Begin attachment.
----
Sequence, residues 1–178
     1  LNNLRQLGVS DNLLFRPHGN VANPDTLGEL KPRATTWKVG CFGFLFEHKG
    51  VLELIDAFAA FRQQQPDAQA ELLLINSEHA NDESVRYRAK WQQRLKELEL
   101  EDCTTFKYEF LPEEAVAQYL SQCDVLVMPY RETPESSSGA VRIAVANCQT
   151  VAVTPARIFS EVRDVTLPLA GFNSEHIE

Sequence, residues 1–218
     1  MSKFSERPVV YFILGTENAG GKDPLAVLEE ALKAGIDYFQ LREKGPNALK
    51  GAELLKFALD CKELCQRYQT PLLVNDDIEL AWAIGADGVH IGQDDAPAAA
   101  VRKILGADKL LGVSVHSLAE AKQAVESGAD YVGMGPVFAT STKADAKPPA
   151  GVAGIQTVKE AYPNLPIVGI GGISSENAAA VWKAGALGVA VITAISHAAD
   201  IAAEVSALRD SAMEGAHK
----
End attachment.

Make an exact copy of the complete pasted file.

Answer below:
Sequence, residues 1–178
     1  LNNLRQLGVS DNLLFRPHGN VANPDTLGEL KPRATTWKVG CFGFLFEHKG
    51  VLELIDAFAA FRQQQPDAQA ELLLINSEHA NDESVRYRAK WQQRLKELEL
   101  EDCTTFKYEF LPEEAVAQYL SQCDVLVMPY RETPESSSGA VRIAVANCQT
   151  VAVTPARIFS EVRDVTLPLA GFNSEHIE

Sequence, residues 1–218
     1  MSKFSERPVV YFILGTENAG GKDPLAVLEE ALKAGIDYFQ LREKGPNALK
    51  GAELLKFALD CKELCQRYQT PLLVNDDIEL AWAIGADGVH IGQDDAPAAA
   101  VRKILGADKL LGVSVHSLAE AKQAVESGAD YVGMGPVFAT STKADAKPPA
   151  GVAGIQTVKE AYPNLPIVGI GGISSENAAA VWKAGALGVA VITAISHAAD
   201  IAAEVSALRD SAMEGAHK